“Serial entrepreneur” takes his talent to skating rinks across Canada

Evan Kosiner at a Skate to Great event [Chris Dale photo]

Even in the sweltering Toronto summer heat, Evan Kosiner is still thinking about ice-skating.

The 25-year-old self-described “serial entrepreneur” has been giving back in a big way. His non-profit organization, Skate to Great, aims at giving a pair of skates to every child in Canada who wants them, regardless of their ability or economic barriers.

“[Skate to Great is] a great way of giving back and the most rewarding part about the charity is being able to see the look on the kids’ faces when they’re skating for the first time,” Kosiner said.

The idea for the charity came when Kosiner had a conversation with a friend who figure skates competitively. Six months after that conversation and many hours of networking, meetings, and negotiations later, Skate to Great launched in March 2012 at Toronto City Hall. That first event collected hundreds of pairs of skates, which were later provided to skating programs.

The charity now has sustainable partnerships with large multinational corporations, and donates the skates to programs run by Big Brothers Big Sisters Canada, Courage Canada, and HEROs Hockey. About 2,500 pairs of skates have been collected and distributed to date.

Kosiner has been getting noticed for his entrepreneurial skills and maturity since even before he founded his first company at age 13.

Once dubbed the “Doogie Howser of the entertainment industry,” Kosiner has since expanded his business interests from media to include music, business cards and corporate consulting, with even more diverse projects currently in development.

Kosiner said his serial entrepreneurship is like scaling a mountain.

“You climb a mountain to go to the top, but you don’t spend the time at the top, you then work your way back down. So that’s kind of what it’s like as an entrepreneur. You’re really doing it for the journey on the way up, not really to be at the top and hang out there for the rest of your life.”

Kosiner said he knows that having a solid team of supporters is the best way to achieve ambitious goals.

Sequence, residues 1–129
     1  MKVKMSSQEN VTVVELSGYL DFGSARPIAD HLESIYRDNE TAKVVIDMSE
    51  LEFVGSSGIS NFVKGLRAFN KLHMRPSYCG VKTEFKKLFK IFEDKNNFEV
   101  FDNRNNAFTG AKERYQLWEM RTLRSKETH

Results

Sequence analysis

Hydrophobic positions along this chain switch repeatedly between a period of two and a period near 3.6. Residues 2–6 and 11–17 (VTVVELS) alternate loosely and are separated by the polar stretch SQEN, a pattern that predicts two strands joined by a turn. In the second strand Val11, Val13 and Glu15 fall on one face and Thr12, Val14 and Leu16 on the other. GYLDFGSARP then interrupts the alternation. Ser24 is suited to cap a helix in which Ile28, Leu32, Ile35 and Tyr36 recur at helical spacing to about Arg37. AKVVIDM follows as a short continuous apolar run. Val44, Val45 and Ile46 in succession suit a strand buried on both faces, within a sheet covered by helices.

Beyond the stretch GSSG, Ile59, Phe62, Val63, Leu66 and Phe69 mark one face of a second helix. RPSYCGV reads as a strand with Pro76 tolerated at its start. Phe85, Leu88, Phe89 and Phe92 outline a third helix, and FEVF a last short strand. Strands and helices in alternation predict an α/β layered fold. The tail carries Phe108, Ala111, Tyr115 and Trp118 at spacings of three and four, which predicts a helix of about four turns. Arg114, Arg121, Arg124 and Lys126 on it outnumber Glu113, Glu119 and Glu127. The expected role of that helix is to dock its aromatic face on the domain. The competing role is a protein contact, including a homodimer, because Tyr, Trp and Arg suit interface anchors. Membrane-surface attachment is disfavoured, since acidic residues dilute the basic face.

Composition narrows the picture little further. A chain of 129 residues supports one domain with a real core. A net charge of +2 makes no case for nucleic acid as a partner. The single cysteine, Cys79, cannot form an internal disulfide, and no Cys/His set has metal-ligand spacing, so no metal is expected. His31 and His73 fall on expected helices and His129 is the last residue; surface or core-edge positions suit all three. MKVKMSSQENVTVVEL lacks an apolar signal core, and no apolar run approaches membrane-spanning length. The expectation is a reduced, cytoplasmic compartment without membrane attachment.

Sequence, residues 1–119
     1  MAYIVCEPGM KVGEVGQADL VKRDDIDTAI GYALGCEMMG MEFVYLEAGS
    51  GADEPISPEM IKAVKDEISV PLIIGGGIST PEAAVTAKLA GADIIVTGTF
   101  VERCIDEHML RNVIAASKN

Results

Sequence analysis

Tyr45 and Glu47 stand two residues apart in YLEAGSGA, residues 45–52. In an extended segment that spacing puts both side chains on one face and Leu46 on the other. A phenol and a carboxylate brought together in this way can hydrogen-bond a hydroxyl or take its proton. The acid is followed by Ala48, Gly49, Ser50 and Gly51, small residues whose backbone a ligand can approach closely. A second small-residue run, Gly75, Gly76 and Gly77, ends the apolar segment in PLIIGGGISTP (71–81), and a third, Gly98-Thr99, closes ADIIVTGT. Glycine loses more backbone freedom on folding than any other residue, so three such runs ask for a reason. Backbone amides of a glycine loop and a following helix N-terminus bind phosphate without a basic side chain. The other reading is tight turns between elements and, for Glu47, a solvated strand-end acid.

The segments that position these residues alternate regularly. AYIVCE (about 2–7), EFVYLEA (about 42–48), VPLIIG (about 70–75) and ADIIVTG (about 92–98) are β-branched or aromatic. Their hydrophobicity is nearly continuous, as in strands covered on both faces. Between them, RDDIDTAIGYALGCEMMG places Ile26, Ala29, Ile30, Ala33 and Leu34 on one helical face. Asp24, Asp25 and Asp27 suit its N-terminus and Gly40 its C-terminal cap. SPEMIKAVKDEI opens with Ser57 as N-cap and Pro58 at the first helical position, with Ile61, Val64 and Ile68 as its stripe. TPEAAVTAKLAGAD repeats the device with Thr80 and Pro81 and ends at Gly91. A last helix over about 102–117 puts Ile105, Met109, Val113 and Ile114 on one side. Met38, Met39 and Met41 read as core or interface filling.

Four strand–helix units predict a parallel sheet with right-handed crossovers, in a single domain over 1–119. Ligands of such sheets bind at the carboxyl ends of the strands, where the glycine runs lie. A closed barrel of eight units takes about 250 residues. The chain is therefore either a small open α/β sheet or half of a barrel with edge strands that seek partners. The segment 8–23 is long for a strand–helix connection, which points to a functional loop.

Figure skater Piper Gilles is one of those teammates. American-born Gilles and her Canadian skating partner Paul Poirier volunteer their time at Skate to Great events.

“Paul and I really liked what [Kosiner’s] charity was doing for the skating community and for all the kids that were getting skates,” she said about her decision to stay involved with Skate to Great long-term.

One year after the debut of Skate to Great, Kosiner was recognized for his work and received the Governor General’s Caring Canadian Award in March.

“That’s just Evan. He has a good heart,” said his mother, Nancy Kosiner. “Evan is the footwork and the brains and the energy behind Skate to Great. What it’s become grew out of Evan’s commitment and his energy and excitement about it.

“When he’s passionate about something, he puts his all into it, and he’s passionate about Skate to Great,” she added.

Kosiner credits much of his success to those who have taken risks on him, both in his businesses and with the charity.

“For me, it’s all about who takes a risk on you; who takes a chance on you when it’s definitely questionable if the results are going to be great or not, and having those results pan out,” he said.

Kosiner credits the founder of the Four Seasons Hotels, Isadore Sharp, as one person who took a major chance on him this year by being the first guest on his Rogers TV show, Toronto Speaks: Entrepreneurship.

Many others, however, say they see Kosiner as the one who is paying his momentum forward and taking risks, creating a positive impact on countless kids’ lives with the creation of Skate to Great.

“Knowing that no matter if it’s a physical disability, a mental disability, [or if] they come from a rough background, that they are kids on the ice and they’re giving high-fives and having a great time when they’re on there,” he said. “So that’s what makes it all worthwhile.”